I was forgotten below deck all night, says disability pensioner

Spirit of Tasmania investigating after pensioner Gary Hurst claims to have been left below deck on Bass Strait

Latest News
FURY: Gary Hurst says he travelled below deck all the way from Devonport to Melbourne on Friday's Spirit of Tasmania overnight sailing trip. Picture: Phillip Biggs

FURY: Gary Hurst says he travelled below deck all the way from Devonport to Melbourne on Friday's Spirit of Tasmania overnight sailing trip. Picture: Phillip Biggs

Aa

Gary Hurst says he spent an entire Spirit of Tasmania journey in his vehilce, despite being told staff would help him to the passenger deck.

Aa

A 68-year-old disability pensioner has claimed he was left below deck for an entire overnight journey on the Spirit of Tasmania from Devonport to Melbourne.

Gary Hurst walks with a cane and has post-traumatic stress disorder - he was a first class constable of the Tasmania Police working at Port Arthur on April 28, 1996.

So when he drove onto the Spirit of Tasmania on Friday afternoon, a pink sticker was placed on his windshield to alert staff below deck that he required assistance.

Mr Hurst said he parked his RV on the same level as the large trucks and alongside the dog enclosure, and was told by a staff member to wait until someone came to his assistance.

"A woman came and said I was not to get out, so I said okay," Mr Hurst said.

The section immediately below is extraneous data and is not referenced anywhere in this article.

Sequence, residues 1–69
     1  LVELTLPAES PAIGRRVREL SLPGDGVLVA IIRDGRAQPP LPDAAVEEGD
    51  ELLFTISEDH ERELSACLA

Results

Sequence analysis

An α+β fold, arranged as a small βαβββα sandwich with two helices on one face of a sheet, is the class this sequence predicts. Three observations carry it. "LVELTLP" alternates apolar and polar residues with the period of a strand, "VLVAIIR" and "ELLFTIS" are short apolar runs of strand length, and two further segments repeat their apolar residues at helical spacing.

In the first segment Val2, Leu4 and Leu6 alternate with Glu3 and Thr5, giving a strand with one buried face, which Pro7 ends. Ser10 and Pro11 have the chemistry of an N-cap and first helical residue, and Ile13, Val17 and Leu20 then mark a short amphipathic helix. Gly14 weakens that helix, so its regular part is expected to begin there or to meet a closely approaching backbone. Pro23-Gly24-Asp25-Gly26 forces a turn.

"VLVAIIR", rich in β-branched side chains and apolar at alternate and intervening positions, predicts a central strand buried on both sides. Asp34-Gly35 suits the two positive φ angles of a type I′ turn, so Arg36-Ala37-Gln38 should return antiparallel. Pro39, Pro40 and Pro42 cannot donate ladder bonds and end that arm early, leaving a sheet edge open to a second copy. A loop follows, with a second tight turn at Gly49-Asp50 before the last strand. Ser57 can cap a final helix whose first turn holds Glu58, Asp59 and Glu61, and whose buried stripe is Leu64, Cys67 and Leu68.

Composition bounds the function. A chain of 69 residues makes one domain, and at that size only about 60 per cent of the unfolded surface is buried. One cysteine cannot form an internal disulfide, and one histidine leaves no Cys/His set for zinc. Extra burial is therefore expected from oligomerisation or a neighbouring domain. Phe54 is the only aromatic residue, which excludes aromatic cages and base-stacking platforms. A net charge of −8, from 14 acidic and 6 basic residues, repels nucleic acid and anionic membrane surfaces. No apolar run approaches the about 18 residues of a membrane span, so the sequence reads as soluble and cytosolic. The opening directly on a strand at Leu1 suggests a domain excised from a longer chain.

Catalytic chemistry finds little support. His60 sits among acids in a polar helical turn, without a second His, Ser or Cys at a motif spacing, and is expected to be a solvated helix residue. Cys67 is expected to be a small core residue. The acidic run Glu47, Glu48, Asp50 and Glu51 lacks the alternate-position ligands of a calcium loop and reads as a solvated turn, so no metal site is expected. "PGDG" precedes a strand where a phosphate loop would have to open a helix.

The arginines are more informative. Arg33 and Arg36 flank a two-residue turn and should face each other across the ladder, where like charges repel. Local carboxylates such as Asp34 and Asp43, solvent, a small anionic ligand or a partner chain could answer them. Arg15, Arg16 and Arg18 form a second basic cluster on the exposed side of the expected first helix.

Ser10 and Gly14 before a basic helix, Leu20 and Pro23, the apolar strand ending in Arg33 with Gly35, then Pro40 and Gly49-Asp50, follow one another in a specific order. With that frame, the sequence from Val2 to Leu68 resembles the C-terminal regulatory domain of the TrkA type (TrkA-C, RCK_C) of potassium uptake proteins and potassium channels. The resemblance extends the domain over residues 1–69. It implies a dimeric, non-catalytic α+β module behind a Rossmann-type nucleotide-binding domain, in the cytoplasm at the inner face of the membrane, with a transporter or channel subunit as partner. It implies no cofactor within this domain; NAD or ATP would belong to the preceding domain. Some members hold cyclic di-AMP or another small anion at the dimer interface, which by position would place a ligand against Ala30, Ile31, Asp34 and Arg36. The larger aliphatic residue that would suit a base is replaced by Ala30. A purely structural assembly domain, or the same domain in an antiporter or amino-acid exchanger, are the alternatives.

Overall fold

"She said it is uneven out here, and dangerous, and somebody is coming."

But, he said, nobody came.

He said he stayed in his RV, alongside the dogs and the semi-trailers, on a deck of the ship which was "lit up like a casino" for the entire night's sailing.

He urinated in a plastic jug, and only slept a few hours as he was constantly expecting a passing patrol or security guard to realise he had been left behind.

Mr Hurst said he had refrained from taking his PTSD medication that night because it was a heavy sedative, and he did not want to sleep through an opportunity to be taken upstairs.

He also decided against attempting to find his own way to the passenger decks, because if something happened he feared he would be blamed for not following staff direction.

"At about 6.30am bloke came through, one of the workers, and I blew the horn, and his mouth nearly hits the ground," Mr Hurst said.

"He said 'what are you doing in the vehicle?' I said 'I was told to stay in the vehicle until somebody came', he said 'have you been there all night?' and I said yes."

A spokesman for TT Line, which owns the Spirit of Tasmania, said a full investigation into the matter is underway.

Aa